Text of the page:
Samuel W. Thomas: Tribute to a researcher

Today’s guest blogger is Delinda Stephens Buie, Head of Special Collections at Ekstrom Library.



Samuel W. Thomas, researching in the Photographic Archives, 1992. Photograph by Bill Carner.

In a career spanning decades Samuel W. Thomas has traveled Kentucky and Southern Indiana, looked into every file, talked to every person, and pursued every lead, to produce more than twenty meticulously researched volumes on Louisville’s communities and institutions.  Samuel W. Thomas – Dr. Thomas – Sam — was the Photo Archives’ first serious researcher in the late 1960s when he traced the sources of photographs in the R.G. Potter Collection and produced his first book: Views of Louisville Since 1766, in 1971.  He since has begun research for each of his books at the Photographic Archives, sifting through thousands of prints and negatives.

This year the Photographic Archives celebrates its 50th anniversary, and Samuel W. Thomas has given us the best ever gift:  his research archive. With over 200 linear feet of archives, the collection comprises box after box: brimming with photographs, drafts, audio tapes, architectural plans, maps, and more.  An exhibition in the Photographic Archives gallery runs through October 25 but the books and 60 photographs displayed provide only a glimpse of the rich resources in the Samuel W. Thomas Research Collection.  Photographic Archives staff will prepare a finding aid before opening the collection to the public next year.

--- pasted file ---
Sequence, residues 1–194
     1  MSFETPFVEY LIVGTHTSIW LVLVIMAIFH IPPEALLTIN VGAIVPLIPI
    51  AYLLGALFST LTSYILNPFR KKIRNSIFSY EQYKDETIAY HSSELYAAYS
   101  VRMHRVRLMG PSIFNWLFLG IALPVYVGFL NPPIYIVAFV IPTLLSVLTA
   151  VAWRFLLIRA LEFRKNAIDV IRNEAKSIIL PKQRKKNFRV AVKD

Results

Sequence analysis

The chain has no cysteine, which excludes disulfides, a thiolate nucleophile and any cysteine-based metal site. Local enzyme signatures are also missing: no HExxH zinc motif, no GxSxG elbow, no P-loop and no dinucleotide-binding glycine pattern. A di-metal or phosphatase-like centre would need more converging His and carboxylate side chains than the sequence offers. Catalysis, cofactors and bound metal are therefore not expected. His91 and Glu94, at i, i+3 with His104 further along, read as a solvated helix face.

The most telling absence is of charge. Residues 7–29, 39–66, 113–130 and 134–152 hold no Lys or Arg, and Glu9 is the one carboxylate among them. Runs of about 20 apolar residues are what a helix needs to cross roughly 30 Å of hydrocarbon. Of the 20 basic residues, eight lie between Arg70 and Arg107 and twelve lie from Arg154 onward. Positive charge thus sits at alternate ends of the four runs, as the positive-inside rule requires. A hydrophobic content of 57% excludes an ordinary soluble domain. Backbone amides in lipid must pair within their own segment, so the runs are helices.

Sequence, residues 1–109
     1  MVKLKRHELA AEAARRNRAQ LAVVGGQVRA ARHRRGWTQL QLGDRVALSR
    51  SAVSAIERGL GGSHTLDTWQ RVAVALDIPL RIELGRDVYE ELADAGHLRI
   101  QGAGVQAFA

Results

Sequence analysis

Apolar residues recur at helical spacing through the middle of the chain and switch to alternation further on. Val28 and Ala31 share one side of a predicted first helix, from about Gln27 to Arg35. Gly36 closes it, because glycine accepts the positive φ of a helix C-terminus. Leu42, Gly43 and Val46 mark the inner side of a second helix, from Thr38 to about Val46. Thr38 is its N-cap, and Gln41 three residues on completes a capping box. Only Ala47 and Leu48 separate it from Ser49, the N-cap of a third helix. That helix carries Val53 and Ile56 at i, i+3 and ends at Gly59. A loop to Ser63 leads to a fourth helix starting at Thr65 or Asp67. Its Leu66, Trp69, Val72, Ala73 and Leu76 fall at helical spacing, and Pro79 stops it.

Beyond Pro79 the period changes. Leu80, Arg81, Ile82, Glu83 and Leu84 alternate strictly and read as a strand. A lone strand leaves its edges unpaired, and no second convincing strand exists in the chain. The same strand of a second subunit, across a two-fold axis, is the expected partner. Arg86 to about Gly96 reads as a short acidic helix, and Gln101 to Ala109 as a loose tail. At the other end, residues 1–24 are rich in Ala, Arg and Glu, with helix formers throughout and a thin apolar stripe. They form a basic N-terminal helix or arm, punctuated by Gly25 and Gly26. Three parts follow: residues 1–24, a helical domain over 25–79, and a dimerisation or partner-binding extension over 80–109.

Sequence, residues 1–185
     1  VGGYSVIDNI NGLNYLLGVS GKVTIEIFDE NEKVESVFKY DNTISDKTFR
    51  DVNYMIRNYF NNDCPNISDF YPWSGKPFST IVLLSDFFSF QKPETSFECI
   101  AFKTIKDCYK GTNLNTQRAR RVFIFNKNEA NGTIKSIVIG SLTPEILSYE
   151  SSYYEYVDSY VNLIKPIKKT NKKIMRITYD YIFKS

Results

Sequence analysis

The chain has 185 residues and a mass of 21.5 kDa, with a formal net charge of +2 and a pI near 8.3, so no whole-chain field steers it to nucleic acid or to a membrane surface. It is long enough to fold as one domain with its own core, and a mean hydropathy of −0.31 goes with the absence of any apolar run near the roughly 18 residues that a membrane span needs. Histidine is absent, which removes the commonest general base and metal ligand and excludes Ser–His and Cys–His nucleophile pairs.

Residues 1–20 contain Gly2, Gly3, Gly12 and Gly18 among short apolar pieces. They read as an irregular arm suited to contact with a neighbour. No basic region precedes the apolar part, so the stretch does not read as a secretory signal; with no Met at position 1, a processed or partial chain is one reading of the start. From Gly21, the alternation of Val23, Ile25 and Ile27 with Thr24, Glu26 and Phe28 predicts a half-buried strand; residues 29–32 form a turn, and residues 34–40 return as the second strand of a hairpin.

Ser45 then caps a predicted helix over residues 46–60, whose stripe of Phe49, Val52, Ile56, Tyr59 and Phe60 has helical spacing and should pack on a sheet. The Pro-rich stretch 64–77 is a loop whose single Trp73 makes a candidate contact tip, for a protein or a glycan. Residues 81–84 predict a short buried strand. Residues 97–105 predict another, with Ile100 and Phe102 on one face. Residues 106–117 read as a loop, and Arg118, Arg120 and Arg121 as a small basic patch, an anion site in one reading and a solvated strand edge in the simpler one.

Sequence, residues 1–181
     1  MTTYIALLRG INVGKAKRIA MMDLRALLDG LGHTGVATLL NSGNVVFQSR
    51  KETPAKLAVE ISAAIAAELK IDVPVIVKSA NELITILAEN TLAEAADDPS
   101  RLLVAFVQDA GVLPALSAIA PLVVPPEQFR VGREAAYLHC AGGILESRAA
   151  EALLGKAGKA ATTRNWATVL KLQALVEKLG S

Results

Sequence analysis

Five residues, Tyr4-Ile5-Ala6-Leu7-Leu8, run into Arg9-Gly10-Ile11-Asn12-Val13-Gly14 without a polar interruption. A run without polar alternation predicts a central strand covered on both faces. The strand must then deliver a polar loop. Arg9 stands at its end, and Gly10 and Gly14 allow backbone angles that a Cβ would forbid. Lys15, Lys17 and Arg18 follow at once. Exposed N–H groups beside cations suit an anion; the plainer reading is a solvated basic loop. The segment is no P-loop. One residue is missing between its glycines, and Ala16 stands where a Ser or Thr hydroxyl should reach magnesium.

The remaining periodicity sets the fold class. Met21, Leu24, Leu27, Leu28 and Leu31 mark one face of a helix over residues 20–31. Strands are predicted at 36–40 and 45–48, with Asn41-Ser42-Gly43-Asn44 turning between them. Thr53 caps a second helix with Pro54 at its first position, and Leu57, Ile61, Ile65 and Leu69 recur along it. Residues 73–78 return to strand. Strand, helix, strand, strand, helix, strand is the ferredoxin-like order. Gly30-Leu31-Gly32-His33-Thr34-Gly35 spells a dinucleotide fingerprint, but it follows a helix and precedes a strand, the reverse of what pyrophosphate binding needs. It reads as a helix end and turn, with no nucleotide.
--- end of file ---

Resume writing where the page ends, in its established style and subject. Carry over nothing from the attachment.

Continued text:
It has been nearly 40 years since I first met Samuel W. Thomas in the upstairs manuscripts room of the old Filson club on Breckinridge Street.  I gulped to realize that the author of Views of Louisville was sitting just on the other side of the table,  but Sam even then took his accomplishments lightly – and shared his sources generously. He showed me a letter written by George Rogers Clark just after the Revolutionary War. We marveled together at how the General seemed to be looking for words to express his new sense of identity as an American, and, for the first time, I heard Samuel W. Thomas say, “Isn’t that something?”  In the years since, many of us have heard him say those words often, and we have shared his gifts of wonder and discovery on each page of each of his books.

Delinda Stephens Buie
Head, Special Collections

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